In the evening Henry took me to the Avenue of the Flags, a breakwater walkway lined with flagpoles that shields the docked yachts from the fury of the sea. Bands of Mexican teens in their Pro Clubs and baggy shorts and backwards caps roamed about on their BMX bikes and families were seated at the sunbleached plastic tables outside the harbor restaurants and on the breakwater itself immigrant children crawled and caught crabs on the barnacled rocks that lined the inner edge of the walkway while their elder siblings and parents and aunts and uncles stood above them with Spanish ballads playing from portable radios and fishing poles angled above the still water. As we tread the walkway the waves would crash against the outer barrier and leap above the concrete wall and land in splatters on the already drenched pavement, and we received the force of the spray a few times on our journey across. We reached the steel crow’s nest on the far side that housed an electric beacon but the smell of brine and the thick rust on the ladder and the threats of federal prosecution dissuaded us from climbing it. We then walked back and saw a few white teens in brightly colored baseball caps and Hawaiian shirts and swim trunks greet each other (a gesture, reciprocated contact, “not in real life!” from the initiator) and then got back in the car and drove back along the shoreline, the remains of the sunset a bright line beside us.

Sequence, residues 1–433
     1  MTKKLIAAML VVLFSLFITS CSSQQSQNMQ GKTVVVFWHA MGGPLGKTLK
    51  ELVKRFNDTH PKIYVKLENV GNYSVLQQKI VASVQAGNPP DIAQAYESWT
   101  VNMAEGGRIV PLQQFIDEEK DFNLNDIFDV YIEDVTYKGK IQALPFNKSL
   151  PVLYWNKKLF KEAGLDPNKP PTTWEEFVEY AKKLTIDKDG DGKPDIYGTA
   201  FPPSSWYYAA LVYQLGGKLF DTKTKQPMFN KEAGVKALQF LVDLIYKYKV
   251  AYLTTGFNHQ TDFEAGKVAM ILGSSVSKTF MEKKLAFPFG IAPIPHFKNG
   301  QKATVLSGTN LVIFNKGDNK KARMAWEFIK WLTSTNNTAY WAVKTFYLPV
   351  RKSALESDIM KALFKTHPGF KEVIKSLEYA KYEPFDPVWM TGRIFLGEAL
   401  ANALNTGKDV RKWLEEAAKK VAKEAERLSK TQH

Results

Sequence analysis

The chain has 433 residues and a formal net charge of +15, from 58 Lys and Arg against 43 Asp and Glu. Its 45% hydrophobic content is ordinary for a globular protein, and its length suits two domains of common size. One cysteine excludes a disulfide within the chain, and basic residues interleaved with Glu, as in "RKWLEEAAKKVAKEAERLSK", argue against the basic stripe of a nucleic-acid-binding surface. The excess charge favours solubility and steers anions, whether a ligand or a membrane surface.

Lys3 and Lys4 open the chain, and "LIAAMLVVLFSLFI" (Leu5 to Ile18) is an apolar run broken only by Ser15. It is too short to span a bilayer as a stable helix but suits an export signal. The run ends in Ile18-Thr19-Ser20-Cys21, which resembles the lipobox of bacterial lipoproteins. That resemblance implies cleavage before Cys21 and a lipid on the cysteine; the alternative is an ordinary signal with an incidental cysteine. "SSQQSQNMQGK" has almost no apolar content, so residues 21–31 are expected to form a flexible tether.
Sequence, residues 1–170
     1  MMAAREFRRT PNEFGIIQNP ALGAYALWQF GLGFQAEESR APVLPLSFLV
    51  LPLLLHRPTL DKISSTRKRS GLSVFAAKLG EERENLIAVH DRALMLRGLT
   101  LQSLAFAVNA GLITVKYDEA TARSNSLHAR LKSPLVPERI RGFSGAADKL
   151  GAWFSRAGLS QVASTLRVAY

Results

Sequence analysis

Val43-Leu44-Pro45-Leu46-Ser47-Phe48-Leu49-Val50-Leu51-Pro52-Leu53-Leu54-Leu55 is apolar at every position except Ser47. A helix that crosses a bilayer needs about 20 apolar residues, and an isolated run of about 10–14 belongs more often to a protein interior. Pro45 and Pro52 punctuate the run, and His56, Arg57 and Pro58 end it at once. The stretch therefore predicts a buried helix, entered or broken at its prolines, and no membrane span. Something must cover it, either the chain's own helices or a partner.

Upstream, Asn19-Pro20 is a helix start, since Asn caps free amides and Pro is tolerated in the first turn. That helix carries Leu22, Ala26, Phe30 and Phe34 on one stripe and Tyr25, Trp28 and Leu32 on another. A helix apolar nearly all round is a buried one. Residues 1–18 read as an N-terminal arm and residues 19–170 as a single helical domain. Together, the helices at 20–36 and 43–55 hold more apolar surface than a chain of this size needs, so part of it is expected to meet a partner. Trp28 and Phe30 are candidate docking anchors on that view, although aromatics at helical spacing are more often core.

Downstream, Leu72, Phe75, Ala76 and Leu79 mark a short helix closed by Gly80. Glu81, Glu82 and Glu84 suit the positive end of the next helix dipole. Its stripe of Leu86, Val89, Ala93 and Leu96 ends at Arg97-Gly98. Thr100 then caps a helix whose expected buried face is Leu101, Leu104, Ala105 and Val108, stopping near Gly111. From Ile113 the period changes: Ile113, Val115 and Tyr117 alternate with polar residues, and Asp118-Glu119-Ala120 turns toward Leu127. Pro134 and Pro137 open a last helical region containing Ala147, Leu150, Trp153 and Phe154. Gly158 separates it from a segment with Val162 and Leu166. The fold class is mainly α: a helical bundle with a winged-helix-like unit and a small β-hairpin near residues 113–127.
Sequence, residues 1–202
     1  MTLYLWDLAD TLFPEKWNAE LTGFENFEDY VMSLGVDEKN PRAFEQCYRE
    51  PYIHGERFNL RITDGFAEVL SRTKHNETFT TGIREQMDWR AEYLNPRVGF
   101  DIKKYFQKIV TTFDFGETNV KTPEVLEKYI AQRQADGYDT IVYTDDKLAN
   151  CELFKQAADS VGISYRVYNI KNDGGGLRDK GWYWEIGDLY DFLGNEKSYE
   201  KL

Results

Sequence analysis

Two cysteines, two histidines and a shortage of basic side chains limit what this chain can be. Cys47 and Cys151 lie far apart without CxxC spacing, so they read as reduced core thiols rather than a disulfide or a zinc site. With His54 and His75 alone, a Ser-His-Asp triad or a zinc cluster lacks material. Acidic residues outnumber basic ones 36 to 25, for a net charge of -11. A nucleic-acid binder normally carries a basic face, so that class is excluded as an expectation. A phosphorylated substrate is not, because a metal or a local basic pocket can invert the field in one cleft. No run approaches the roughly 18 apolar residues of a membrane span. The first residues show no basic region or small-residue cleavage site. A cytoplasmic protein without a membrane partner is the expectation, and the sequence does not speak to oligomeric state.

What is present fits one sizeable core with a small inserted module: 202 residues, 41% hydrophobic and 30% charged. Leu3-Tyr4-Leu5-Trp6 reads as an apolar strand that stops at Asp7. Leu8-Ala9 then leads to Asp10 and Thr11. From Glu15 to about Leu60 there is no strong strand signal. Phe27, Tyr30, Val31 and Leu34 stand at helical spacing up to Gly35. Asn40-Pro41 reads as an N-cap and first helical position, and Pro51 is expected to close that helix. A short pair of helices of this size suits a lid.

Saturday, June 6, 2020